Charles F. Kettering
Charles F. Kettering: Biography
Born: 29 August 1876
Died: 25 November 1958
Early Life and Career
Charles Franklin Kettering , born on 29 August 1876, on a farm near Loudonville, Ohio, taught three years in country and small-town schools to finance his higher education. Entering Ohio State University at age 22, he dropped out in his sophomore year because of poor eyesight. He worked two years as a telephone lineman, then returned to Ohio State, graduating at age 28 in 1904.
Upon receiving his degree, Kettering became an experimental engineer with National Cash Register Company (NCR) in Dayton. During his five years with NCR he created a low-cost printing cash register; electrified the cash register, doing away with the hand crank; developed a system that tied charge phones to cash registers; and originated an accounting machine for banks.
Work with the Automotive Industry
Having developed a better ignition system for autos while working "on the side" for NCR, Kettering, with the financial backing of NCR's general manager Col. Edward A. Deeds and other capitalists, organized Dayton Engineering Laboratories Company (Delco) in 1909. That year an order from Cadillac for 8,000 ignition systems led to creation of an electric starter, first offered on Cadillac cars in 1912 and on many more makes the following year. In addition to working on the self-starter, Kettering and Delco also improved auto lighting systems and developed a dependable means of generating electricity on farms. Meantime, Delco became a sizable manufacturing firm, as well as a research facility.
In 1915 Colonel Deeds, a top-notch administrator, joined Delco, complementing Kettering who preferred to devote himself to research. In 1916 Delco, in exchange for nine million dollars, became a subsidiary of United Motors Corporation, an automotive parts and accessories combine. United Motors, in turn, was acquired by General Motors (GM) in 1918. Kettering was invited to organize and direct General Motors Research Corporation, headquartered in Dayton at the inventor's insistence. The labs were incorporated as General Motors Research Corporation in 1920, at which time Kettering -simultaneously named a GM vice-president and board member- agreed to move the bulk of research activity to Detroit. In 1925, when the labs were transferred to a new 11-story building, Kettering and his family moved to Detroit, occupying a suite atop the Motor City's tallest hotel until Kettering's retirement.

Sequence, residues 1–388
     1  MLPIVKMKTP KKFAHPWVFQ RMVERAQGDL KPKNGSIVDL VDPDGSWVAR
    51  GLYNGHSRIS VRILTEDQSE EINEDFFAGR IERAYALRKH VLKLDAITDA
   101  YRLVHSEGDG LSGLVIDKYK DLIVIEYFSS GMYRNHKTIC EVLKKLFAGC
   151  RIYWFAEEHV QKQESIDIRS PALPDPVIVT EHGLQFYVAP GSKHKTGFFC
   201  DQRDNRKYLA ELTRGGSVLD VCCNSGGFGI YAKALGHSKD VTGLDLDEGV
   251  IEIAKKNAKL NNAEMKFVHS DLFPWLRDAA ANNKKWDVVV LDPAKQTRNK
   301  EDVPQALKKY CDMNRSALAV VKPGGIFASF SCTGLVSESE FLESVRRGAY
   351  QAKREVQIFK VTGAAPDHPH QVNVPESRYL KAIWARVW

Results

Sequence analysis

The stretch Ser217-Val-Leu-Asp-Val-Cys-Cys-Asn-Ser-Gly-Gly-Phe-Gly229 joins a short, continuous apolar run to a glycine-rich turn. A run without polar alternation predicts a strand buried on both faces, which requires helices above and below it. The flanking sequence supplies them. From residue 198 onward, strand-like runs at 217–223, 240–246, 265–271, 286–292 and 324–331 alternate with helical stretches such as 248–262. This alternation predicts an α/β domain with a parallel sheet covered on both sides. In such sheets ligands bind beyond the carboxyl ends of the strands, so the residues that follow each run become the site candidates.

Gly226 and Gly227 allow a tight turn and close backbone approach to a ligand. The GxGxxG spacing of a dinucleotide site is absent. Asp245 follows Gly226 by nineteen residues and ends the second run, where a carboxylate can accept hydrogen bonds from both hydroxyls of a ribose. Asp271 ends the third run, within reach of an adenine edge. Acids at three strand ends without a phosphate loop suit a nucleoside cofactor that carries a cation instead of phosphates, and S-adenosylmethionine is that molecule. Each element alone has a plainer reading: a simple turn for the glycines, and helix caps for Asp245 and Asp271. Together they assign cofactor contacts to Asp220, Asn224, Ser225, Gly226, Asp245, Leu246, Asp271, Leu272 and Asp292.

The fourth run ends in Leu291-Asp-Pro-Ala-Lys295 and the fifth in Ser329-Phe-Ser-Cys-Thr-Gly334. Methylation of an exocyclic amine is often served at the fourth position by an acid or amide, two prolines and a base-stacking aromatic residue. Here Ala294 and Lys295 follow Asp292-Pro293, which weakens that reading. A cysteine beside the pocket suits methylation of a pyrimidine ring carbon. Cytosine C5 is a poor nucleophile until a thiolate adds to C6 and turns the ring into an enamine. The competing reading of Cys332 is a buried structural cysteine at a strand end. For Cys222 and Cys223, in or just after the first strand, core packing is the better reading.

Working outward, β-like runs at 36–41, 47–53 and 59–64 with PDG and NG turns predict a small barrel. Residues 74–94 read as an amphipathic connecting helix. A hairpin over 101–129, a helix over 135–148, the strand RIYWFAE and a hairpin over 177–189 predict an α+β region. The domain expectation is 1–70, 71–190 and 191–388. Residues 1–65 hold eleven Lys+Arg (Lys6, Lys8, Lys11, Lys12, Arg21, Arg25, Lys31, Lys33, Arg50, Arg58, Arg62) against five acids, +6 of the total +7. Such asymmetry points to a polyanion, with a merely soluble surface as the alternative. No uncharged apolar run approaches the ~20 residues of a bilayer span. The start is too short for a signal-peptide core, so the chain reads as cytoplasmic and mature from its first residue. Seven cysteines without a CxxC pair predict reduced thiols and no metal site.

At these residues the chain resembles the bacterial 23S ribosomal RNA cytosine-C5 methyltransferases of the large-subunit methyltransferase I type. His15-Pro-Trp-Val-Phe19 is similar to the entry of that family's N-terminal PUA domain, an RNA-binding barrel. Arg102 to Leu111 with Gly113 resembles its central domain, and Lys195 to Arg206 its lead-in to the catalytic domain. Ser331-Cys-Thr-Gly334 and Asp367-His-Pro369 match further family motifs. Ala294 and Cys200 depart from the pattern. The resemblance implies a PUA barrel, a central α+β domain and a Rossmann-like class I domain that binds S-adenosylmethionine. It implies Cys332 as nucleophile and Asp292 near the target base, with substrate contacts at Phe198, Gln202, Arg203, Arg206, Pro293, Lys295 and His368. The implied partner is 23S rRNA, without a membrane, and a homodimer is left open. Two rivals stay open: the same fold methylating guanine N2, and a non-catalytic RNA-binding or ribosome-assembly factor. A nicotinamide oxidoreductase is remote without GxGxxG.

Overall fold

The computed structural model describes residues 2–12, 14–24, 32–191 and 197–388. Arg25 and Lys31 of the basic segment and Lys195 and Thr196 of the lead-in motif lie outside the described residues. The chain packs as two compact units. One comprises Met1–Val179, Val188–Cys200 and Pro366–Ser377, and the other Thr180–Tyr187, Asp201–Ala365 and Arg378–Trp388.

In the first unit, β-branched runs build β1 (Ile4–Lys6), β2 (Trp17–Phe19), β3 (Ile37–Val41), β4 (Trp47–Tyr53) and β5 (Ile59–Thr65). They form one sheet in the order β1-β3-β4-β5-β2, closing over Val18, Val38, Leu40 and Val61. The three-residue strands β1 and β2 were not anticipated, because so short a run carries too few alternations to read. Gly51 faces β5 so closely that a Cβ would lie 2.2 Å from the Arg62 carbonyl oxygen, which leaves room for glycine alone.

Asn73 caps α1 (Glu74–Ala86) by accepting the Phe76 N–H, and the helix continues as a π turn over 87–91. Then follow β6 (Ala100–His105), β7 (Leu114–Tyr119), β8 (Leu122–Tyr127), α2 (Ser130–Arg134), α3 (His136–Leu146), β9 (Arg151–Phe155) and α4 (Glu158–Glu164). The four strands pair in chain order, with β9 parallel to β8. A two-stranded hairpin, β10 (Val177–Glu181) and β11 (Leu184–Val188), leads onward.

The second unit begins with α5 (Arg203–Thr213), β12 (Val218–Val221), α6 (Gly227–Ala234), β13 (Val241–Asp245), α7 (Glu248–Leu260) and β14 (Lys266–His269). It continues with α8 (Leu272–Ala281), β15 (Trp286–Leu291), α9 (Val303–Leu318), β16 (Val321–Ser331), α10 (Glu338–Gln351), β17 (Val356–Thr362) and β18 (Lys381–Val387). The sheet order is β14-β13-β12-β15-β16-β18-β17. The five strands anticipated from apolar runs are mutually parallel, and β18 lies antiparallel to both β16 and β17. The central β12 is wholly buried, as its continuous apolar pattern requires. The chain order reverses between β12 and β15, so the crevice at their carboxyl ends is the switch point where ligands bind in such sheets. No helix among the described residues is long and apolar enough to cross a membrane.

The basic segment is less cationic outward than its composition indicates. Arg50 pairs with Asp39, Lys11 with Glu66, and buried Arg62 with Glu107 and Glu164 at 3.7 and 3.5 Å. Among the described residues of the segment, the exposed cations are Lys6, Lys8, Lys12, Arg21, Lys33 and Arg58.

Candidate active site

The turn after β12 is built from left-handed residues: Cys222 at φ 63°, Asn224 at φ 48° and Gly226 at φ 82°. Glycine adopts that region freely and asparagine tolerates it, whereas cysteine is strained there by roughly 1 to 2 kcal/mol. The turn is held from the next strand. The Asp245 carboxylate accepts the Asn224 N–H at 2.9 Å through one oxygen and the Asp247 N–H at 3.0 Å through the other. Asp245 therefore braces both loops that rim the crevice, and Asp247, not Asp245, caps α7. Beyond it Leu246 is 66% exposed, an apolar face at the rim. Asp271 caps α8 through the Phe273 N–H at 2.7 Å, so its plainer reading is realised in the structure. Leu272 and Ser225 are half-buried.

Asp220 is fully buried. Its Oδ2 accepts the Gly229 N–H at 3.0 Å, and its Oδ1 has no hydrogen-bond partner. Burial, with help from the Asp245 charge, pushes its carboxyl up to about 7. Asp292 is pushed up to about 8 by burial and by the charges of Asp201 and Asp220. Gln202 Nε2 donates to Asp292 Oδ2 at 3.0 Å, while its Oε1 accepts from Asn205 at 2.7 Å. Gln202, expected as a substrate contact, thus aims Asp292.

As head of GM's research function for 27 years, Kettering guided research on and the improvement of many products, acquiring 140 patents in his name. His most notable achievements included the development of "Ethyl" leaded gasoline to eliminate engine knock; the high-compression automobile engine; the non-toxic, non-inflammable refrigerant "Freon"; and faster-drying and longer-lasting finishes for automobiles. He also created the lightweight diesel engine, which, in one of its applications, revolutionized the motive power of railroads.
Service and Awards
In addition to earning acclaim as a scientist and engineer, Kettering was highly regarded as a public speaker and social philosopher. "I am for the double-profit system," he said, "a reasonable profit for the manufacturer and a much greater profit for the customer." He retired from General Motors in 1947, while continuing to serve as a director and research consultant. He received more than three dozen honorary doctor's degrees and additional dozens of awards, citations, and medals. He was awarded the AIEE Edison Medal in 1958 "For invention, research and development in the broad fields of industry, engineering, transportation, medicine, education, energy and power resulting in service to all mankind."
Kettering married Olive Williams of Ashland, Ohio, in 1905, and they had one son, Eugene Williams. Kettering died in Dayton on 25 November 1958. His name is memorialized in the Charles F. Kettering Foundation, which he organized for medical research in 1927, and the Sloan-Kettering Institute for Cancer Research, founded by GM chairman Alfred P. Sloan, Jr. in 1945.